Normani – Dopamine

A poised, purposeful debut from a reluctant RnB star.

The first track you hear on Normani’s solo debut album encapsulates the deceptive charm at the heart of it. Over subliminal bass pangs, synthetic horns and an interlocking groove, ‘Big Boy’ is a sensorial mood setter. It’s not an emphatic introduction but it does usher in the slow reveal of ‘Dopamine’, heralding Normani’s arrival in precise, deliberate steps.

‘Dopamine’ would always be judged against its long, faltering road to completion, documented industriously by a fan-fuelled online engine which builds up stars just to watch them descend into the abyss. Evidently, it has been a long wait. Normani first teased her girl-group breakaway in 2019, with the bubble-gum performance piece ‘Motivation’, a song that wore past influences on its graffitied sleeves; a hit that’s quietly endured but one Normani has since distanced herself from. In the interim period, she released the Cardi B-assisted ‘Wild Side’: the final track on ‘Dopamine’ paid tribute to Timbaland’s twitchy, hyperkinetic drum programming, interpolating Aaliyah’s ‘One in a Million’. Once again it was reliant on past trends and signifiers, which fed into criticism of the singer as risk-averse and too sterile.

A few years on, the Houston singer is the most famous she’s ever been but still crippled by the weight of expectation and personal anguish. It’s been revealed both of Normani’s parents were cancer-stricken, and personnel changes within her management team played a part in delaying the release. ‘Dopamine’ is in essence a survivor’s account; a paean to playing the long game. Track number two, ‘Still’, captures that quiet resistance and hardened resolve, with Normani intoning her Houston roots over a glazed trap beat that screws and grinds to a halt in its closing moments.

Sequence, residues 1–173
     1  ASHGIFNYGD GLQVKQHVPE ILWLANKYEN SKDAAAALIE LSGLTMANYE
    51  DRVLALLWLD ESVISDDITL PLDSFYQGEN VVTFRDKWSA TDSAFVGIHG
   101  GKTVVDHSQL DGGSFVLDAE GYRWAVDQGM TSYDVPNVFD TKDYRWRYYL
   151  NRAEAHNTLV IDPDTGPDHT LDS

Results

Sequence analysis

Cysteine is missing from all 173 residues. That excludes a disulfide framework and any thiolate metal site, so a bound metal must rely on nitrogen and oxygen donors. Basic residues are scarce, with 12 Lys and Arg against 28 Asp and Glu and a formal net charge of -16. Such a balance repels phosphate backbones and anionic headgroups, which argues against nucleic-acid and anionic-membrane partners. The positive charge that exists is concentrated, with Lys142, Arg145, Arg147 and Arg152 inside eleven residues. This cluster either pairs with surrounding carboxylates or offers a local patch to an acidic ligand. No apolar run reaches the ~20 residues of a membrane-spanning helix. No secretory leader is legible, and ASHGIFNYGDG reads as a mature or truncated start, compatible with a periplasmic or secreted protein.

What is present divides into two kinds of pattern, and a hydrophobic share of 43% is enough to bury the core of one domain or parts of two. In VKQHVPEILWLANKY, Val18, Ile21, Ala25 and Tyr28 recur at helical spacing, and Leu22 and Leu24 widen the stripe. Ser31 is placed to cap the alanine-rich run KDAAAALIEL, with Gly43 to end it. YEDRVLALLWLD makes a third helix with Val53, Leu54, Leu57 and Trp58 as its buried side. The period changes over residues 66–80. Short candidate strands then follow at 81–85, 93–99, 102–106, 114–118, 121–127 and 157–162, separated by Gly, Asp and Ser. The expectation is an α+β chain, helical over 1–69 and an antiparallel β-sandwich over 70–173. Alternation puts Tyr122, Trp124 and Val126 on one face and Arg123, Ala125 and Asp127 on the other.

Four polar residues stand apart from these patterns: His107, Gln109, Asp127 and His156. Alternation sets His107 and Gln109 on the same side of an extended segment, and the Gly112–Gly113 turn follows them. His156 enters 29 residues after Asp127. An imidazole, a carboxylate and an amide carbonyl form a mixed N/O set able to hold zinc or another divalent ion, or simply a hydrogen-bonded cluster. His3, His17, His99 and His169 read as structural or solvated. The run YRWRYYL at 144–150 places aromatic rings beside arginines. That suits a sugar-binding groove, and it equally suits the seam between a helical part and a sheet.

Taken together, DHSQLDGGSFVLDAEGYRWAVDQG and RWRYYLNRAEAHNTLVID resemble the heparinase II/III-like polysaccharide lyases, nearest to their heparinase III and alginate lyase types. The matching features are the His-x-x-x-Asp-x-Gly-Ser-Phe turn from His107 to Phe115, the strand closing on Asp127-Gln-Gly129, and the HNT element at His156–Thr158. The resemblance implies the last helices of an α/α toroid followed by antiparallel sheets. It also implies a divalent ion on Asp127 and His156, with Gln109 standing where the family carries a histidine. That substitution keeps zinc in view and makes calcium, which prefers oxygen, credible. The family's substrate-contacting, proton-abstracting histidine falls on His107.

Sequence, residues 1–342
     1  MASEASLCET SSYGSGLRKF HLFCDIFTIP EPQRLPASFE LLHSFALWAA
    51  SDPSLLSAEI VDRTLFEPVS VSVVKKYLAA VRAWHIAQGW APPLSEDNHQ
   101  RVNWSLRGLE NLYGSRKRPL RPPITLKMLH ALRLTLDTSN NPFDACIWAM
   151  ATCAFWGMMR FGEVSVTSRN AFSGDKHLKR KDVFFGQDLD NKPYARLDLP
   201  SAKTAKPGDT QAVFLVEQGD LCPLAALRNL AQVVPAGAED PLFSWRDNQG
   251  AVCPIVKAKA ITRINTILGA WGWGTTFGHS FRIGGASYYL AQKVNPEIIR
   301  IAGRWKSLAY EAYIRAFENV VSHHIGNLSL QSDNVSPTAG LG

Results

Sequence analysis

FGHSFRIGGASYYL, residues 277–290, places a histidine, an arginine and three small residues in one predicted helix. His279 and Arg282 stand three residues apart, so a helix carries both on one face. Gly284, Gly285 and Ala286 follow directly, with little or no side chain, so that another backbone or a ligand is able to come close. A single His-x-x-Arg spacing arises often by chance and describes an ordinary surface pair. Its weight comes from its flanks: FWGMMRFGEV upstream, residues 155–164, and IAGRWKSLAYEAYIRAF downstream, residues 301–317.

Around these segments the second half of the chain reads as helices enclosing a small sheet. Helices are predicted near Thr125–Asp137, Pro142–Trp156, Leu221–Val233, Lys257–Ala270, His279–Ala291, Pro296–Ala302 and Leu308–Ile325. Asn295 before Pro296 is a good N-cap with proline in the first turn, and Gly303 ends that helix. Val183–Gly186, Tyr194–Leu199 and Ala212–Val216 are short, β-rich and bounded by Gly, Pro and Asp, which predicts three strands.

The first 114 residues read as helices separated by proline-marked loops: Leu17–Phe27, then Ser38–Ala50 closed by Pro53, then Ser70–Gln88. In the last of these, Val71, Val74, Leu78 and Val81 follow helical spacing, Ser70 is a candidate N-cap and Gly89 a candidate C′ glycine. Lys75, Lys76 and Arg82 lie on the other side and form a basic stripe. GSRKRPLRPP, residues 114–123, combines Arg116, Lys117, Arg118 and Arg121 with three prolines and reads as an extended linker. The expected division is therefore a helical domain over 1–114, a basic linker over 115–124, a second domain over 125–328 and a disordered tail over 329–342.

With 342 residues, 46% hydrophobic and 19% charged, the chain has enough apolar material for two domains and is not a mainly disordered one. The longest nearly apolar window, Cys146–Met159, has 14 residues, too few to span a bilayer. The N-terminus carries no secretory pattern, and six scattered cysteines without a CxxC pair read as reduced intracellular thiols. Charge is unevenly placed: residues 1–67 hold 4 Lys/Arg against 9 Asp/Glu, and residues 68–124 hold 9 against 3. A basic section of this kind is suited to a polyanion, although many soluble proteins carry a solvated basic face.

Throughout its forty-minute runtime, ‘Dopamine’ pays tribute to ’00s-stylized RnB deep cuts, covertly repurposing and reworking the iconography, spirit and form of her spiritual predecessors – making just enough tweaks and modifications so as to not duplicate what came to define that era. Brandy’s progressive RnB rhapsody ‘Afrodisiac’ is an obvious reference on ‘Dopamine’, and her woozy harmonic presence on torch song, ‘Insomnia’, is a luminous testimony to the union and exhange between progenitors and their students.

Normani lets loose with innuendo-laced bedroom commands. ‘Lights On’ is the quiet storm sex pinnacle, where silky-smooth, low-slung vocals meet a litany of demands. It’s forthright but not without nuance as Normani moves between submissiveness and power player, echoed on the creaky, spacious canvas ‘Grip’, allowing the singer to assume default vocal mode: pliable, steady, cool, gently bending time as she glissades across and stretches her syllables.

Normani counters the momentum lapse spoiling recent marquee pop releases with two of the best tracks positioned towards the end: ‘Tantrums’, featuring a revived ‘Overgrown’-era James Blake vocal flip, puts the two in opposition – one crystalline, one weighty – echoing the volatile memory of a tumultuous love affair; ‘Little Secrets’ plays out the aftermath, the singer in contention with her old flame’s new conquest, her superior prowess confirmed over a shrill, deconstructed RnB-rock escapade.

Normani’s storytelling isn’t revelatory on ‘Dopamine’. She hews closely to the algorithm of RnB reveries; clipped, catchy soundbites that compress raw emotions in real time. ‘Dopamine’ isn’t a raw confessional either but a balanced, art-directed exercise. It’s a debut that hits the programmed sweet spot, conversant with contemporary trends and greater RnB and soul traditions. It’s the sound of Normani calibrating her affinity for homage whilst subtly establishing her own presence as a star to bank on.


Words: Shahzaib Hussain

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